More words to cut from your emails
Years ago, I wrote a blog about why you should cut “just” out of your emails. The feedback we’ve had about that blog, even years later, has been huge. I think it strikes a chord with so many people because it shines a light on words and phrasing that can be so profoundly limiting without us even realising it.
I’m back with more words to vanquish because, somehow, we’ve allowed them into our work vocabulary. I find that when I catch myself including them in emails, and I remove them, the way I feel about sending that email changes. So I wanted to share this tool with you.
Consider these two questions:
“Do you have time to quickly chat through this brief? No worries if not!”
“Do you have time to talk through this brief?”
The first question may feel more familiar and easygoing. By comparison the second question may feel too direct, grumpy or aggressive. Let’s focus on the words, “Do you have time to talk through this brief?” These are all neutral words and the request is a reasonable one, with space for the responder to accept or decline without negative consequences. Yet, the wording of the first option is flourishing in the workplace, particularly among women.
This word leans towards informal, inconsequential conversation. You’d have a chat with a friend you bumped into while doing groceries, not with a client. Perhaps we use this in work emails because we want to make the responder feel that what we want to talk about is low pressure and fun, because ultimately, we want them to like us.
But friend, your work is not superficial and breezy and you’re not here for brunch. It’s not asking too much to talk, or to be clear about what you need to do your job.
This word often slips into work emails to show willingness and enthusiasm but it can also put you in a difficult position promising a short deadline on things that may take time to do. It can easily lead to having to compromise on your boundaries, which is the bedfellow of burnout.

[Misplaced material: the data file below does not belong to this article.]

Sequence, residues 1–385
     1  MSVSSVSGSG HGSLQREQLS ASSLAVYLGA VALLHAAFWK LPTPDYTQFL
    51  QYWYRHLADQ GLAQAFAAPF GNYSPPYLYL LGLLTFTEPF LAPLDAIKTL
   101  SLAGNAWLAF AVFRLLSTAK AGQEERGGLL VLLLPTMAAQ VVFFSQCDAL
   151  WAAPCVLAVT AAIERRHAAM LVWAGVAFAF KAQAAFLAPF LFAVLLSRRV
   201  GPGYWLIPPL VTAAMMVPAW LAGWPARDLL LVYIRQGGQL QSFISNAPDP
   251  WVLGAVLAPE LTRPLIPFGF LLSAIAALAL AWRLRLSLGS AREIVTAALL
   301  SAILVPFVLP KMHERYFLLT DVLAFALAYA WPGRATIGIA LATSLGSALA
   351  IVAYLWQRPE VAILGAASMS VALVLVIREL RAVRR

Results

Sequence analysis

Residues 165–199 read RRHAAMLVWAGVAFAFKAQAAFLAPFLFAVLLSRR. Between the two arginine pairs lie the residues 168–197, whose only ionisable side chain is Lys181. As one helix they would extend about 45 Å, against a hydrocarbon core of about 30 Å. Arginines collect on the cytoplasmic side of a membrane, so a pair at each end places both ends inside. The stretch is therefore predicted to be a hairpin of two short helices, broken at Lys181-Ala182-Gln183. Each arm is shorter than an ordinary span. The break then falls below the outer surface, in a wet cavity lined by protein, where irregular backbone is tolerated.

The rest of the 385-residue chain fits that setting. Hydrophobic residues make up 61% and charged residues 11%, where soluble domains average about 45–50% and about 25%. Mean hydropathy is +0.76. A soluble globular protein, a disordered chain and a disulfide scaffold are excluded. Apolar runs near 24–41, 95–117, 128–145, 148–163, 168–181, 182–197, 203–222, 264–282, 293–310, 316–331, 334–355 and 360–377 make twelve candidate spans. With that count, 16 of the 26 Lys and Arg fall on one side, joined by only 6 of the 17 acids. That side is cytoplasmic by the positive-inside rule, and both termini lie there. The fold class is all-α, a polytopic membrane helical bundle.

But friend, good work takes the time it takes. You are certainly not resting on your laurels. You and your work are worth taking up the space and time they need.
No worries if not
This is the flagship phrase so often tagged on to a request to make the writer seem easygoing. It’s being used so much that it’s been written about.
This Huffington post article explores the idea that a lot of us feel that expressing our emotional or practical needs could be a burden to others. Dr Paidoussis-Mitchell explains: “‘No worries if not’ gives us a caveat, a way to avoid carrying responsibility for what we hope others may willingly and lovingly give us.” The article goes on to unpack why women are more prone to use the phrase.
But friend, your requests are legitimate – you need them to do your work. To ask is not a burden and if the answer to your request is “no”, the responder is an adult and can say so.
These little flags of brightness and enthusiasm feel like they bring cheer to your email but scattering these too liberally starts to make your tone, and your whole way of communicating, extremely high energy.
But friend, you’re not a cheerleader and your job is not to entertain. Nobody will think you’re upset with them if you end sentences with a full stop and there’s language that conveys your warmth while still using a real and grounded tone.
So you use these words all the time. Now what?
It’s okay, friend. Don’t beat yourself up about it. I use them all the time and only catch (some of) them before my email is sent. The trick is that now when you see them in front of you, you might also see a tiny banner that reads, “I’m feeling a little intimidated / self-conscious / out of my depth over here,” and you can attend to that feeling. That’s really useful.
It’s worth trying to change these habits because the person you’re communicating with is more likely to take you and your work seriously if your language reflects that you are grounded, reasonable and that you respect yourself.
So when you see “chat”, “quickly” and “no worries if not” in your draft, cut them. When you see exclamation marks, limit yourself to one per email or dare yourself to use none. How does that feel? The answer is worth listening to.
Here are some kind words to say to yourself, friend. They might help balance out any need to make yourself small or peppy or easygoing for another person.
I am doing good work. I am not a burden.
I am allowed to take up space and time to do my work.
My requests are reasonable and the person I’m asking is an adult and can say no.
Friend, don’t let your words impede you. You and your work are worthy and that worth is limitless.